At the same time, young people are especially likely to use social networking websites like Facebook (Duggan and Brenner 2013). Even very vulnerable young people tend to use the websites; in one study of homeless youth, over three quarters were active users (Young and Rice 2011).

Eight research teams have published articles describing their experiences using Facebook to trace respondents. Berry and Bass (2012) administered surveys on religiosity, substance abuse, and anxiety to young people over the course of a school year. Bolanos et al. (2012) administered a survey twice to amphetamine abusers over the course of 8 years. Daniel et al. (2011) administered a follow-up survey to students who had participated in a program to promote cancer research as a career. Jones et al. (2012) administered a survey about physical activity to girls in eighth grade and then again three years later. Mychasiuk and Benzies (2012) collected data three times over 5 years from children and their parents who participated in a pre-school program for at-risk families. Nwadiuko et al. (2011) administered questionnaires about abuse and neglect to children every two years. Perkins et al. (2009) conducted a series of at-home interviews about health with young people from 1994 to 2008. Rhodes and Marks (2011) collected data about finances from new parents and again when their children turned 3. The experiences of these research teams highlight the issues that researchers may encounter when using Facebook to trace hard-to-reach respondents.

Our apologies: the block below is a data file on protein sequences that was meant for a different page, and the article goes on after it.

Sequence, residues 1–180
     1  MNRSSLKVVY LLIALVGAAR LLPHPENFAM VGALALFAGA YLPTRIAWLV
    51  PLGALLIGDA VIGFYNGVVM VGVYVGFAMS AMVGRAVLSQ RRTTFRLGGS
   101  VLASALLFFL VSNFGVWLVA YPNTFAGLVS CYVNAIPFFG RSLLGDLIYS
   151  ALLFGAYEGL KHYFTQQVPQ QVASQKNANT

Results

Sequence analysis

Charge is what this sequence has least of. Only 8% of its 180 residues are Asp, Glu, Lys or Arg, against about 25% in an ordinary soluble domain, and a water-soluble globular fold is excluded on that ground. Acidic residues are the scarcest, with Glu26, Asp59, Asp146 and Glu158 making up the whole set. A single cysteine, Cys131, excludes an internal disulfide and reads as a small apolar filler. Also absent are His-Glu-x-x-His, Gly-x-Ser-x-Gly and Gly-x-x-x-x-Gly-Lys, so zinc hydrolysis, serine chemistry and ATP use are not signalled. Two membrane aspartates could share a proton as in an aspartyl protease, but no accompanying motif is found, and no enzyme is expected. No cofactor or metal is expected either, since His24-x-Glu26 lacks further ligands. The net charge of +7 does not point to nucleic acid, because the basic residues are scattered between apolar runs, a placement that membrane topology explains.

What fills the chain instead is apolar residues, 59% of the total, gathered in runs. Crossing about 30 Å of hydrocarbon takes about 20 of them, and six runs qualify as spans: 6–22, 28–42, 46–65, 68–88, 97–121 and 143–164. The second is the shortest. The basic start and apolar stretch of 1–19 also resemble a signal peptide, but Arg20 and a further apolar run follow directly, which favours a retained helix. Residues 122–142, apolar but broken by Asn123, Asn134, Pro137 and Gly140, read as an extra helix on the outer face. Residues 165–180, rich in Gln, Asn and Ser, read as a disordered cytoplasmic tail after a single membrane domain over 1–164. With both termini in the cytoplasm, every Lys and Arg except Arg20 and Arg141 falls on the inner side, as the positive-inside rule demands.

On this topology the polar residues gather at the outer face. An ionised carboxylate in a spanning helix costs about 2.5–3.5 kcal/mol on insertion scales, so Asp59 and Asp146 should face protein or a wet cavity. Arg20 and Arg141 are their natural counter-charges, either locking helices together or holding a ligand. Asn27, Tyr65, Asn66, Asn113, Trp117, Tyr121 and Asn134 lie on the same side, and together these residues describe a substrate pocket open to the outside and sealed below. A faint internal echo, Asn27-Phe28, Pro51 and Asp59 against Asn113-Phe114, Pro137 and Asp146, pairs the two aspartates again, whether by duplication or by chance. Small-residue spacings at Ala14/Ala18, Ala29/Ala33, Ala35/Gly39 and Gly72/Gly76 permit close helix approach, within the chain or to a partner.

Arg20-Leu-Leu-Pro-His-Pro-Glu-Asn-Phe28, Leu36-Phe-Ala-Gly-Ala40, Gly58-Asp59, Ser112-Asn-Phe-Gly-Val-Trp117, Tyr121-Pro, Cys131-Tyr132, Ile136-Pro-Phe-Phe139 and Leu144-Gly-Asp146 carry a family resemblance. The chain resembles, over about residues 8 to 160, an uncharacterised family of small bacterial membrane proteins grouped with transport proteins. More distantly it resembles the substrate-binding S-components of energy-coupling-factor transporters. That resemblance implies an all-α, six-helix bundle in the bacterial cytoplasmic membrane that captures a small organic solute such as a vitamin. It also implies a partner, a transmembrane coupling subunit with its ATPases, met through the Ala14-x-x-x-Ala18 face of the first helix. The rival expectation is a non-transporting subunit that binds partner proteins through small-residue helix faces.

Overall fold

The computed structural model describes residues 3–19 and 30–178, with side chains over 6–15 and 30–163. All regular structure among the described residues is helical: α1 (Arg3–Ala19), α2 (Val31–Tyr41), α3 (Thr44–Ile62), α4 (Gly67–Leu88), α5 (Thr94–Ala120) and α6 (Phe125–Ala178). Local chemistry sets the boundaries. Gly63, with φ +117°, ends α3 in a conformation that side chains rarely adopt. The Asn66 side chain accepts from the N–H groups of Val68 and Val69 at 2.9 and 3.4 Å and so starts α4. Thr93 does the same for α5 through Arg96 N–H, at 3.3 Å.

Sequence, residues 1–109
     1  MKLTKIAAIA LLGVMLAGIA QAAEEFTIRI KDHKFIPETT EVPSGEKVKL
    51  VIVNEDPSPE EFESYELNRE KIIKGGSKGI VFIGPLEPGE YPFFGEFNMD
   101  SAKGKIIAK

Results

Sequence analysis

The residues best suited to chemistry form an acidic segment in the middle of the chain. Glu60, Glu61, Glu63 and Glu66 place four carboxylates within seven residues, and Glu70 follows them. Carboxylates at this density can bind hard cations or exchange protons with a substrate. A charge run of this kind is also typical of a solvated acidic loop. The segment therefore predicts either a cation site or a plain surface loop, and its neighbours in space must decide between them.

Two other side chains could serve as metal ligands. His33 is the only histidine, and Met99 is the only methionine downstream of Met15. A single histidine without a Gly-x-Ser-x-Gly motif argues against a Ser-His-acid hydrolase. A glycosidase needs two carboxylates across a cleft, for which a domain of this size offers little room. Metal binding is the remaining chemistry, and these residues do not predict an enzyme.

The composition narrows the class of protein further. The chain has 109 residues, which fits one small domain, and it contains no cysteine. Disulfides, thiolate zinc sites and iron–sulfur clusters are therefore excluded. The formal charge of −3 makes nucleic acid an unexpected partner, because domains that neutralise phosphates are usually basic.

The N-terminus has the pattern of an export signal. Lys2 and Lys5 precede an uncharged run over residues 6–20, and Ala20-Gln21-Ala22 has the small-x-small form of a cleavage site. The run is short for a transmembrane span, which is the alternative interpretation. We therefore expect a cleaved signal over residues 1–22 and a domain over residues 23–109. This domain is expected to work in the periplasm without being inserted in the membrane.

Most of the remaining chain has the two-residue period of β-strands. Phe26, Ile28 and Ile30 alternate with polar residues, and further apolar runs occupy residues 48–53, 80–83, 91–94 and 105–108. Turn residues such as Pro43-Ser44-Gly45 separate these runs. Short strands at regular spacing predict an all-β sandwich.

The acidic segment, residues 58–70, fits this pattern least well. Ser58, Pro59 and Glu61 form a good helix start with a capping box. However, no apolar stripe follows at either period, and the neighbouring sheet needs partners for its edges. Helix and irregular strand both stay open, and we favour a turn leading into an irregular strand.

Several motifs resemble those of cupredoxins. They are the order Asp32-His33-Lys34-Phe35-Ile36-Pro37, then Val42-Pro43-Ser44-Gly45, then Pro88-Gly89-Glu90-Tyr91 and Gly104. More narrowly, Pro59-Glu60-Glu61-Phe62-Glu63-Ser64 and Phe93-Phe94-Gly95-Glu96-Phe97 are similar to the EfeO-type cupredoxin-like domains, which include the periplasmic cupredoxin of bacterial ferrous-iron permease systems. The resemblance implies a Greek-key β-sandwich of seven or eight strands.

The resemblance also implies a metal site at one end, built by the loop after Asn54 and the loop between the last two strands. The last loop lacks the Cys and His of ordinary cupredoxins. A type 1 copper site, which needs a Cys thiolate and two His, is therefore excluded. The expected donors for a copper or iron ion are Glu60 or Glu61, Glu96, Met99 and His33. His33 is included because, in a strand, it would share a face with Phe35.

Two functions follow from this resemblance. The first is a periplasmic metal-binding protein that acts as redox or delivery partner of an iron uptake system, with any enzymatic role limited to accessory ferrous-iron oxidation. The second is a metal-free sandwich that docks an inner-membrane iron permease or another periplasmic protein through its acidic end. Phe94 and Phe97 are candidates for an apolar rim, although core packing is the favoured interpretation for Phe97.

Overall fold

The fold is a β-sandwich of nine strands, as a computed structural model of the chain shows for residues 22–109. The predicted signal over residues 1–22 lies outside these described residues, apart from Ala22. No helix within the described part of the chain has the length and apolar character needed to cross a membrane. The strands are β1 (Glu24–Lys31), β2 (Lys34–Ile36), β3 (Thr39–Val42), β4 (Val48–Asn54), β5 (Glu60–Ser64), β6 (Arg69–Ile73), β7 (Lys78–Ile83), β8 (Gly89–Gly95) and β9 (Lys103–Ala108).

How can researchers tell whether or not a Facebook user is the respondent they are seeking? Some of the research teams conducted searches on Facebook but received ambiguous results. Sometimes the researchers found Facebook users who had posted information about themselves that only partially matched the respondents. Sometimes Facebook users had multiple profiles, in violation of Facebook’s terms of service, and the information posted on the profiles was inconsistent. Sometimes Facebook users who had the same names as respondents being sought posted scant information about themselves. The research teams therefore had to establish criteria about which Facebook users should be considered a “match” with a respondent.